Truckee rec center below budget, on schedule |

Truckee rec center below budget, on schedule

Planning and construction for Truckee’s new Community Recreation Center are below budget and on schedule, with groundbreaking to take place as early as June 1.

Initial site work ” such as placement of underground utilities ” began last fall and will resume when the snow melts in May, said board Chairman Marshall Lewis of the Truckee-Donner Recreation and Park District.

Bid packages for potential builders are being distributed now with the deadline for bids April 16. A contract could be awarded as early as May 1, said district General Manager Steve Randall.

With 23 contractors already taking out bid packages, the district is hoping to save some money, Lewis said.

“When you have more contractors bidding for a job, it works more in our favor as far as the cost of building,” Lewis said.

Randall said it was “almost unheard of to have that many bid contractors,” and that economic instability in the development market is working in the district’s favor as “contractors are looking to stay busy.”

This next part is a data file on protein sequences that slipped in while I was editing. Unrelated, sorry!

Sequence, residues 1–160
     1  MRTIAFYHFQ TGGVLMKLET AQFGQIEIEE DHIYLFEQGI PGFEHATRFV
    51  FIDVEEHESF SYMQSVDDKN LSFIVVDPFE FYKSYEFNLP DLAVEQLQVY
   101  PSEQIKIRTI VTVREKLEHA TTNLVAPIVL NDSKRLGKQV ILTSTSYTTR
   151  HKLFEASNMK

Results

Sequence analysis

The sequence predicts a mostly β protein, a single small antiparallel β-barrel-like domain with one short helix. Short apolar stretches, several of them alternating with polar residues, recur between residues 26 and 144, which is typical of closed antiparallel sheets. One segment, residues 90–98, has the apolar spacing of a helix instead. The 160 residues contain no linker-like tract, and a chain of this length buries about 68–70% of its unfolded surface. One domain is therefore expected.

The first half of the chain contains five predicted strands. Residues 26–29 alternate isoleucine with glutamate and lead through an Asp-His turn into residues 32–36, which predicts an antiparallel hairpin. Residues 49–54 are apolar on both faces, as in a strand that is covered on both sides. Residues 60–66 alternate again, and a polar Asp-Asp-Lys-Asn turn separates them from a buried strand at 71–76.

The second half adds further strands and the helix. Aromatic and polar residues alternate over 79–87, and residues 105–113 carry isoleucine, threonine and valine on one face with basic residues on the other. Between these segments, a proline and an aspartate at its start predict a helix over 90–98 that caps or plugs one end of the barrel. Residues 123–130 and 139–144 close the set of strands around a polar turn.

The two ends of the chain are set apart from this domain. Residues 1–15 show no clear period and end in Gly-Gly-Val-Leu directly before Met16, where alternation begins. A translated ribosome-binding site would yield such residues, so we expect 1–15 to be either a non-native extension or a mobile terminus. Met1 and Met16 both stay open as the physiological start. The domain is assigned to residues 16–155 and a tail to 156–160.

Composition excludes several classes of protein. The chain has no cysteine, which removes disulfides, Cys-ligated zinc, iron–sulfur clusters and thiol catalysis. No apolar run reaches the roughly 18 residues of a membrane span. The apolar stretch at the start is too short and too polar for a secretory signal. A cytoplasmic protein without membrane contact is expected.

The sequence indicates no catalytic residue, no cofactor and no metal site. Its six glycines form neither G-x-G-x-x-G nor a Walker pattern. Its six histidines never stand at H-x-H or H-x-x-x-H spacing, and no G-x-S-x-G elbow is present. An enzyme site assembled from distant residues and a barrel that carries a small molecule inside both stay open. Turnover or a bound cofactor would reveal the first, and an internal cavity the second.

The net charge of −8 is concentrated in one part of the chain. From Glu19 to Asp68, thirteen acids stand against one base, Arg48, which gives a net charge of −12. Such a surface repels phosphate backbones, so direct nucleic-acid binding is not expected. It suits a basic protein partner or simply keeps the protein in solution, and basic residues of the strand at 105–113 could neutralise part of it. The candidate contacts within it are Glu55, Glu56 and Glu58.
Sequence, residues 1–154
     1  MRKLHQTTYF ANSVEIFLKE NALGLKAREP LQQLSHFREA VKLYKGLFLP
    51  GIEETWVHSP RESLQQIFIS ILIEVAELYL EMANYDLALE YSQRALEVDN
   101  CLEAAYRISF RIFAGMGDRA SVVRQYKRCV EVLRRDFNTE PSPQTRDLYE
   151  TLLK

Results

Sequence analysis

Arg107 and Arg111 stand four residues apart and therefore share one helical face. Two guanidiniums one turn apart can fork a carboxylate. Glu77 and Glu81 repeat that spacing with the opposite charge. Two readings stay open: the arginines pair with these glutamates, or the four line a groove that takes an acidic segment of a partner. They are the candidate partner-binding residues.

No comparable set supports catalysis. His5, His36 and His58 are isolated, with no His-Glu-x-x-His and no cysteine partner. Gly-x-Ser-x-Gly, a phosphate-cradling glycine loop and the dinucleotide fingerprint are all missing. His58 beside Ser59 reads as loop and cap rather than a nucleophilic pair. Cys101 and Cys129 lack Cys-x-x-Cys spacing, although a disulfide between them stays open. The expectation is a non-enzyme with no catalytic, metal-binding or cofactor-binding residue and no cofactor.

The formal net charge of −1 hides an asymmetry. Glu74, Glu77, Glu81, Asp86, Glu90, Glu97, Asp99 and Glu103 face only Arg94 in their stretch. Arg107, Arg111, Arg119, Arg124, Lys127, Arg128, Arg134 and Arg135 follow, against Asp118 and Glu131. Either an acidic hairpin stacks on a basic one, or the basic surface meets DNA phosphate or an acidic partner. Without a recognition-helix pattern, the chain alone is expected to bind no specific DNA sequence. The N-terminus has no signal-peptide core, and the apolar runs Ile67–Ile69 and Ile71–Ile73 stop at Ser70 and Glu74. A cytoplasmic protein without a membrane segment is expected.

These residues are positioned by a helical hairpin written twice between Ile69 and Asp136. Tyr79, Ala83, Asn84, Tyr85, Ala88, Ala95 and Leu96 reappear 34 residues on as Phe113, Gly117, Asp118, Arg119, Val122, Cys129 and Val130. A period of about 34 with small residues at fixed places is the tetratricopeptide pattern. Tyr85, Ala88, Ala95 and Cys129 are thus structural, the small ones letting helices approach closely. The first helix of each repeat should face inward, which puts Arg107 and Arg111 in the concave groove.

Depending on Mother Nature, the first phase of construction will begin in June and is on schedule to be completed by November 2009, Randall said.

It will include a 22,204-square-foot double gymnasium with an elevated running track, an 18,000-square-foot community facility, classrooms, a kitchen and office space.

“We’re right on schedule and everything is working according to plan,” Lewis said. “We just can’t wait to unveil this to the community.”

Within the next few months, the district will start surveying the community to gauge interest in the proposed aquatic center and theater space that is part of second and third phase of the recreation center, Randall said.

The district has secured funding for the first phase by selling $30 million in bonds, but funding for the aquatic center remains undetermined, Randall said.

Plans for the use of the existing recreation center have yet to be decided, but a number of entities have expressed interest in the space, such as the Railyard developer and the library. The district has also considered using the facility for recreation classes or as a performing arts center, Lewis said.

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